In our survey of CEOs in towns currently enforcing the MUBEC, we found that a strong majority feel prepared to enforce the code. A very small handful of CEOs in those towns (i.e. four or five) felt unprepared as of March. The Maine code officials association is very committed to continuing education (their annual code conference is in a few weeks.) We have not surveyed towns that did not have CEOs and did not have pre-existing codes. These towns have more than a year before they need to choose an enforcement mechanism. As described above, it appears there are already approximately sufficient CEOs & TPIs, with more likely to be certified in the coming months and year. Aside from the hundreds of small towns exempt from enforcing the codes, all towns are either using the code now or have significant additional time to prepare.
3. What can be done to further foster education and training for builders?
Obviously it is important for builders and others in the building trades to become educated and experienced with the codes. This has already begun and will simply take time to occur. Several trade associations have undertaken education activities, including the Lumber Dealers. While the State would be well served by monitoring training and education opportunities, and taking minimal steps to ensure it is available, it will be financially impractical for the State to offer free training for builders. The Community Colleges (notably the Kennebec Valley Community College) are well positioned to offer training in general on building practices at reasonable costs, including doing so in partnership with trade groups. It is not unreasonable to expect building professionals to play the modest cost of acquiring code books (which are like another tool in the toolbox and don’t cost more than a high-quality power tool) or for training. One reason not to delay the code further is that the presence of a active statewide code, with phased-in adoption, is important to spur builders and others to learn about the code. It is not unreasonable to believe that pushing “pause” on the code may well lead to putting off training and education.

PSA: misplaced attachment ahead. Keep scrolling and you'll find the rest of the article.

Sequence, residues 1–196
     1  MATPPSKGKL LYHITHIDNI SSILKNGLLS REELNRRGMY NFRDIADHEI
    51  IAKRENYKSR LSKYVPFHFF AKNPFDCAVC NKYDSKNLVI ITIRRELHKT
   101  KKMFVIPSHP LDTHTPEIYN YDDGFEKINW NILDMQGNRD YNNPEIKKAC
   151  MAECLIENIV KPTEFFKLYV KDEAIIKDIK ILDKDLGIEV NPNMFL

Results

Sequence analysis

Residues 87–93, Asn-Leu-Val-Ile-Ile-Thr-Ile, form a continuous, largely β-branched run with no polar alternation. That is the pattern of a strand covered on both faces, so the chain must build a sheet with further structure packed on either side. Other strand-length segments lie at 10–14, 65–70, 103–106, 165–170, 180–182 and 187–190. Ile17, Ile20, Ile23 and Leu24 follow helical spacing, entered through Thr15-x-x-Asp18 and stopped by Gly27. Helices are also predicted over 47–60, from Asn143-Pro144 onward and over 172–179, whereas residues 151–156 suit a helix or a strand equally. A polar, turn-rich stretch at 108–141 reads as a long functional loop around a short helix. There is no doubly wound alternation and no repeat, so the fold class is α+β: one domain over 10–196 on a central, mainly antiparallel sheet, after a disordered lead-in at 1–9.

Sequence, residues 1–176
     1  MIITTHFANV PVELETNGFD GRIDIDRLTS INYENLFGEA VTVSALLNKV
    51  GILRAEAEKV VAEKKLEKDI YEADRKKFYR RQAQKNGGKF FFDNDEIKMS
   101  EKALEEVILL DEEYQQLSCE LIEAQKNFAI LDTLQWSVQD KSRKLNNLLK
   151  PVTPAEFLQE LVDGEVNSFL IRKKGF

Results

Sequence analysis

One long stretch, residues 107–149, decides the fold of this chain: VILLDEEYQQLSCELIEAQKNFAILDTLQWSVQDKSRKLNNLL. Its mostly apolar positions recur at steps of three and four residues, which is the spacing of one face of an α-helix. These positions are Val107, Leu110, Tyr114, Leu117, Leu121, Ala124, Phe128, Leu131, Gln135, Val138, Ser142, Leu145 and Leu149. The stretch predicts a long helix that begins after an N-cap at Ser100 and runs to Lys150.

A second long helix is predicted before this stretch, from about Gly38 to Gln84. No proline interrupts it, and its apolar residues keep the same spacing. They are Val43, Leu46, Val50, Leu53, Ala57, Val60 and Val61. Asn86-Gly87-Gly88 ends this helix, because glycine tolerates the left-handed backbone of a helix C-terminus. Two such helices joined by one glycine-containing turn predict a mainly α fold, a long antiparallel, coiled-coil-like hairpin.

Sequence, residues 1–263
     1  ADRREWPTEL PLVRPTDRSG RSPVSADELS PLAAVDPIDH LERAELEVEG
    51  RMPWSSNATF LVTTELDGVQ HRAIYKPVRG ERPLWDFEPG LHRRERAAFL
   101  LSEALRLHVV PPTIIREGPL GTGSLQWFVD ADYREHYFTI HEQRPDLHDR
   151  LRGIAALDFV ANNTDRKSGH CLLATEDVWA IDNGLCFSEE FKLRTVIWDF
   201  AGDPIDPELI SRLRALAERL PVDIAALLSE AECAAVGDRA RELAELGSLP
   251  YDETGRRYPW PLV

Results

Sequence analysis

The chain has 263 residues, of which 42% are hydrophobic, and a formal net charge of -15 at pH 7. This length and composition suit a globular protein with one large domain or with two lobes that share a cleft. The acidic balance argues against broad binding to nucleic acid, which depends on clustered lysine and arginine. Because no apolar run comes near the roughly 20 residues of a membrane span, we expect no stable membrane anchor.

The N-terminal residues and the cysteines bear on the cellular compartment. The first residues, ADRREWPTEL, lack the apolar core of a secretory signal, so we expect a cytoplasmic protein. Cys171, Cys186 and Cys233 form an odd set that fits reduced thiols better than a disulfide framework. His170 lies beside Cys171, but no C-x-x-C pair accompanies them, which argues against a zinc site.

4. Does the exemption of manufactured and log homes create an unlevel playing field?
Ideally there is a relatively common standard across these different forms of home building—especially for manufactured housing, which are likely to account for a larger portion of the market than log homes. We understand that there are some state or federal codes that apply to manufactured homes, but they may be older and more lenient. (We know of at least one major log home dealer, Katadin Log Homes in Oakfield, which supports inclusion of log homes in the MUBEC.) Certainly it does not make sense to “dumb down” the state’s new uniform code to match a state or federal code for manufactured homes. We believe state law should be amended to ensure that manufactured homes are subject to an equivalent energy code. It might be advisable to request that the Technical Code Board provide advice on precisely how to achieve this and amend the law in 2012.
5. What technical elements of the code deserve further review by the Technical Code Board?
Several specific technical questions have been raised about aspects of the code, including some on ventilation standards, etc. We encourage the committee to generate a list of questions or concerns that is sent to the Technical Code Board for further review and recommendations. We are not aware of any specific technical concerns about the codes that cannot be addressed by inquiry to the Board and possible statutory adjustments during the 2012 session.
1 We are aware that a group on the midcoast did its own analysis. A peer-review of that analysis by the national group, BCAP, is available if you want it. Although that review concluded that the midcoast estimates of costs were too high, it is worth pointing out that even the midcoast analysis showed a positive cash flow starting with the first mortgage payment.